Heat waves are regular occurrences in the summer months; temperatures higher than 40°C (104°F) are often recorded in the cities of Shanghai and Chongqing, as well as in Zhejiang, Jiangsu, Anhui, Hunan, Jiangxi, and Fujian provinces.

Last update: April 5, 2019



Starting February 2017, foreigners entering China could be subject to fingerprinting upon arrival. This measure will be put in place progressively at international ports and airports for international travelers between the ages of 14 and 70.

Security and travel conditions in the autonomous region of Tibet can deteriorate quickly due to protests and ensuing repression by security forces. Additionally, the issuance of visas required for travel to Tibet, where tensions are currently high (nearly 150 cases of self-immolation have been reported in recent years), is often restricted and may even temporarily suspended by the authorities, generally without warning.

A number of Western governments advise against travel to Xinjiang (formerly East Turkestan), a region strictly controlled by security forces.

It should be noted that since January 1, 2013, citizens of 45 countries can obtain a 72-hour transit visa in Beijing (at the airport) as well as in Shanghai (at Hongqiao and Pudong airports). These visas can also be obtained in Canton (Baiyun Airport) as of August 1, 2013, in Chengdu (Shuangliu Airport) as of September 1, 2013, in Shenyang and Dalian (Liaoning province, Taoxian and Zhoushuizi airports) as of January 1, 2014, at Guilin (Liang Jiang airport) since July 28, 2014, at Kunming (Changshui airport) since October 1, 2014, at Hangzhou (Xiaoshan airport) since October 20, 2014, and at Harbin (Taiping airport) since August 1, 2015.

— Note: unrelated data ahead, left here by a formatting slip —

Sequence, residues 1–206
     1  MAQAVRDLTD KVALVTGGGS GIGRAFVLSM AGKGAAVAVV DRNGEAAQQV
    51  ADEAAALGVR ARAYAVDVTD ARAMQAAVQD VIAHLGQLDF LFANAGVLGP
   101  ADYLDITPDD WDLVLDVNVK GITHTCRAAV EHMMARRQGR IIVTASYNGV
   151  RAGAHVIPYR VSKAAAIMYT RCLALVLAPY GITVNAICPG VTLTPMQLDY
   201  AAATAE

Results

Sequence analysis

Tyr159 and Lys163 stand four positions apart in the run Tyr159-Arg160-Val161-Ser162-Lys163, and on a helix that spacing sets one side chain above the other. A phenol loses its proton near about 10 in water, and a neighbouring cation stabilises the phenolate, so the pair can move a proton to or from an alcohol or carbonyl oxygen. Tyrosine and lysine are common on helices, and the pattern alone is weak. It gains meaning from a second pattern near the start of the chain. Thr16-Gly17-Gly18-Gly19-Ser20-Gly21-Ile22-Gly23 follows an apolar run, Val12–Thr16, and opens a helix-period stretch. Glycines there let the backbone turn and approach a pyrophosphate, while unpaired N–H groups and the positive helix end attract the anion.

This benefit is reserved for passengers who are traveling to a third country via China. In order to benefit from the measure, passengers must have a valid ticket for a third country, and, if applicable, a visa for this third country. Furthermore, when traveling to their third country destination, passengers must depart from the same Chinese airport they arrived at and do so within 72 hours of arriving.

Last update: April 5, 2019

Practical Information


In the northeast, the climate is continental: winters (November to April) are very cold and dry while summers are very hot and humid; it rains daily in the months of July and August. Sandstorms can strike Beijing in mid-April. The northwest is arid with cold and dry winters and very hot and dry summers. The climate in the south, where the rainy season lasts from June until September, is tropical; winters are mild and humid and summers are hot and rainy, often to the point of being stifling. In the center of the country, winters are cold and summers are very hot, even sweltering, and rainy, with high levels of humidity. Rainfall is the heaviest between June and September.

Useful Numbers

Country Code: +86
Police: 110
Emergency Services: 120


Voltage: 220 V ~ 50 Hz


Last update: April 5, 2019